Monday

20th May 2019

EU watchdogs warn of cryptocurrency price bubble

  • EU regulators say people risk losing their money with cryptocurrencies (Photo: BTC Keychain)

European regulators say people investing in cryptocurrencies, such as Bitcoin, risk losing all their money.

On Monday (12 February), the European Supervisory Authorities (ESAs) watchdog issued a joint statement that the currencies "have shown clear signs of a pricing bubble."

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It said people are not protected if their virtual currency were to be stolen or subject to a cyber-attack, given the unregulated nature of the digital money. The ESAs include the securities (ESMA), banking (EBA), and insurance and pensions regulators (EIOPA).

EU commission vice-president Valdis Dombrovskis in a tweet said he welcomed the statement, following his December warnings of "clear risks" the currencies posed.

The London-based EBA had also issued a similar warning four years ago, when it said people could lose their money when investing in virtual currencies.

The latest warning comes amid a spike in Bitcoin trading over the past week after having plummeted by some 60 percent from around $20,000 (€16,237) in December to below $8,000 (€6,495) in February.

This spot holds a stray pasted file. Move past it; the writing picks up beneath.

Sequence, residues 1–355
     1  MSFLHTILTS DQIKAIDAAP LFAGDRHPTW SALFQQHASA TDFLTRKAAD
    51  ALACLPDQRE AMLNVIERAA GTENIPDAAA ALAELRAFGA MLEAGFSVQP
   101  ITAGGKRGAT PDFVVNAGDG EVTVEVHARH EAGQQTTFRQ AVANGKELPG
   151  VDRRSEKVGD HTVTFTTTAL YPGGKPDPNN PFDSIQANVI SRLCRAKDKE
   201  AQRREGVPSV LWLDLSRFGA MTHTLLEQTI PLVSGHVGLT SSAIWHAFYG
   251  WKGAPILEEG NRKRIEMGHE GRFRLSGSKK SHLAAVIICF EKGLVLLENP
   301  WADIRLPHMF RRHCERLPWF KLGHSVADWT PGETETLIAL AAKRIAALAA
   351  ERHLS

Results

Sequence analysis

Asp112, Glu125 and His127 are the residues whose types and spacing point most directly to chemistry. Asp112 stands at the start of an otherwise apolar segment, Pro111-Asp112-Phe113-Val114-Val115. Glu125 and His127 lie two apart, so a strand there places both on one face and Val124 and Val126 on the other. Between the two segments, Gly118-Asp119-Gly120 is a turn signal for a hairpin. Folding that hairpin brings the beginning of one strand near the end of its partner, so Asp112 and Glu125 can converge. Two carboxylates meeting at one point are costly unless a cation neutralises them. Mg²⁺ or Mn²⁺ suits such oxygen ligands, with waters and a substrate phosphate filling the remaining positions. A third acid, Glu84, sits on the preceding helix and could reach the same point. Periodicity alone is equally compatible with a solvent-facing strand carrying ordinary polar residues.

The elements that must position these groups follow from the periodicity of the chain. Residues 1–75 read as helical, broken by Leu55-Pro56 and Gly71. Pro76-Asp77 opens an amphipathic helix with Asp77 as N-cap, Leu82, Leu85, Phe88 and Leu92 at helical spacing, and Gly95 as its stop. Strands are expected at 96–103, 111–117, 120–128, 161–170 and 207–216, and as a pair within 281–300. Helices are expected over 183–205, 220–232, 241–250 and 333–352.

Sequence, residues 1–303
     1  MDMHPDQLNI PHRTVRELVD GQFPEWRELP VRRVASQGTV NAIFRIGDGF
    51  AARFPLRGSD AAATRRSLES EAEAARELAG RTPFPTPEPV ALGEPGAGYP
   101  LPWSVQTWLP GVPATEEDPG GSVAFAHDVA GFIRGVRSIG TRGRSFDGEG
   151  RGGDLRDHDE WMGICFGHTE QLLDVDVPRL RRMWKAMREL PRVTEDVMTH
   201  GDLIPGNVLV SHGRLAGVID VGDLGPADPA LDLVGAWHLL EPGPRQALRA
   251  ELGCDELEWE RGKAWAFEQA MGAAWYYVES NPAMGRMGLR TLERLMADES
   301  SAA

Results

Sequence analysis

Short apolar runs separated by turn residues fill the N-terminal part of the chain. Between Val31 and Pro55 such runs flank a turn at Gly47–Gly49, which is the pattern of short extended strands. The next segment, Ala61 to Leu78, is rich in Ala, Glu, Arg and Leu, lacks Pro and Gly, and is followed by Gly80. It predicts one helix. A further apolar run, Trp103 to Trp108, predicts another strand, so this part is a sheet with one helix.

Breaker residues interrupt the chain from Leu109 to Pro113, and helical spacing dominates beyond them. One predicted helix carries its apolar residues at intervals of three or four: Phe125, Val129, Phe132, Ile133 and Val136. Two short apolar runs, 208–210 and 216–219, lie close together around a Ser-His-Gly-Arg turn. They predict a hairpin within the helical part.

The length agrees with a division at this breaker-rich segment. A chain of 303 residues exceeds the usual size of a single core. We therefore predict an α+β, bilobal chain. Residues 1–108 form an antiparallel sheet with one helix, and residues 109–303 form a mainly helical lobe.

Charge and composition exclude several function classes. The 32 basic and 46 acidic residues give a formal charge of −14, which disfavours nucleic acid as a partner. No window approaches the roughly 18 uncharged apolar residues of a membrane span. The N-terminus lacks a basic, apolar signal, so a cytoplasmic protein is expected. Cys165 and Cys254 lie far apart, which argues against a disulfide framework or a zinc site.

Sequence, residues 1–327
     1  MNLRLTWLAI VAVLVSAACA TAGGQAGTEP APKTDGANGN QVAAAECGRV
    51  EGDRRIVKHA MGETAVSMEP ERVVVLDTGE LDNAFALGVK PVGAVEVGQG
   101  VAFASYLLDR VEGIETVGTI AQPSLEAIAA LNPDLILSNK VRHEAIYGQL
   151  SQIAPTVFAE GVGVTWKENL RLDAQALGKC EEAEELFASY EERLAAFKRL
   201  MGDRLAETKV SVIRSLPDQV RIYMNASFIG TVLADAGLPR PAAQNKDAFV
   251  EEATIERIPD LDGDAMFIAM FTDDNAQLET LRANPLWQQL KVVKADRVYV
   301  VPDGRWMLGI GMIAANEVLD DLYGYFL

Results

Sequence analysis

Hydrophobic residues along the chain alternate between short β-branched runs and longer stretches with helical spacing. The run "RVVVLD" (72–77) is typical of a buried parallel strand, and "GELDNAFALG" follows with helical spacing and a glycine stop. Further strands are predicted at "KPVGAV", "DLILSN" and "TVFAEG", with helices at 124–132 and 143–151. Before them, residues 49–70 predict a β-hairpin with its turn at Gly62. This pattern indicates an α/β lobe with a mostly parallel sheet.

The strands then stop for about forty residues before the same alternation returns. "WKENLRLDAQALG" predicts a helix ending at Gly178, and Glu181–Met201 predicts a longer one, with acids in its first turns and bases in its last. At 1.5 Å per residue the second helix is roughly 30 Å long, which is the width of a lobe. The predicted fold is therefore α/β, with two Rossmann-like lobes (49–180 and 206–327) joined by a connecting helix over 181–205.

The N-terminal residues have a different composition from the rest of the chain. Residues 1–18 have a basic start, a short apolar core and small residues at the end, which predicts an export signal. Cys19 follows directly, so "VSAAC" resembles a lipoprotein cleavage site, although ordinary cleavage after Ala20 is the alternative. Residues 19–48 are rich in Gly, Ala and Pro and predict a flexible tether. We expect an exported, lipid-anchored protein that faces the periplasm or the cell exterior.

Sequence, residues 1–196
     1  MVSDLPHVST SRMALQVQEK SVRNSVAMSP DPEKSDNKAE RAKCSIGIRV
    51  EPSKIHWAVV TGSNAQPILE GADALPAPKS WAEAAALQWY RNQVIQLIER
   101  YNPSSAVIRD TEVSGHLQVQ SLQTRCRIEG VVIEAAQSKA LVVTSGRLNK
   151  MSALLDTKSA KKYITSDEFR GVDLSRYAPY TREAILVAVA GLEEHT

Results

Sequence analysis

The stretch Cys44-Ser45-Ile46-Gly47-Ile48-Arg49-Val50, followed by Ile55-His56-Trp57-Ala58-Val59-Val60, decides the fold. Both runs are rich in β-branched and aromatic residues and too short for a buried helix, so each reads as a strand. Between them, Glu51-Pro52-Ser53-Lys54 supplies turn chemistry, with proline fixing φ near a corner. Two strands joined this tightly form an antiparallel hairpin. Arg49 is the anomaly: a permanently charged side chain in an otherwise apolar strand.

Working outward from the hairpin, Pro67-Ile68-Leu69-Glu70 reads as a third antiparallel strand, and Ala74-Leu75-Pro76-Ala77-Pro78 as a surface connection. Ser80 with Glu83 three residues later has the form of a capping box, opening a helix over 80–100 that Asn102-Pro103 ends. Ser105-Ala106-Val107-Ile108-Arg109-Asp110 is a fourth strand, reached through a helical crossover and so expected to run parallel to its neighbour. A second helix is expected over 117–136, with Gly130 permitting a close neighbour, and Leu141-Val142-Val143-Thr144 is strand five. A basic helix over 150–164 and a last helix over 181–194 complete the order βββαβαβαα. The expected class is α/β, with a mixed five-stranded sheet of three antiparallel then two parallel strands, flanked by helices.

Pressure to regulate the currency in Europe has also emerged following demands by members of the governing council at the European Central Bank.

The regulators' warning also comes ahead of plans by the European Securities and Markets Authority (ESMA) to scrutinise the virtual currency and its associated blockchain technology.

The issue will likely be discussed at an upcoming G20 meeting of the most advanced economies, following demands by both France and Germany, Reuters reported last week.

The two countries said the currencies "pose substantial risks for investors and can be vulnerable to financial crime." They are also worried it may increase financial instability.

On Monday, Rob Wainwright, the head of EU police agency Europol, told the BBC's Panorama that billions of euros in criminal money is being laundered using the virtual currencies.

The cryptocurrency also appears to be generating an energy shortage crisis in Iceland.

A spokesperson for Icelandic energy firm HS Orka told the BBC that the island nation is facing problems due to the electricity needed to mine Bitcoins.

The data centre mines are run by computers, which are connected to a global network and used to process transactions between cryptocurrency users. In return, the centres generate small Bitcoin rewards.

"What we're seeing now is ... you can almost call it exponential growth, I think, in the [energy] consumption of data centres," he was cited as saying in the BBC.

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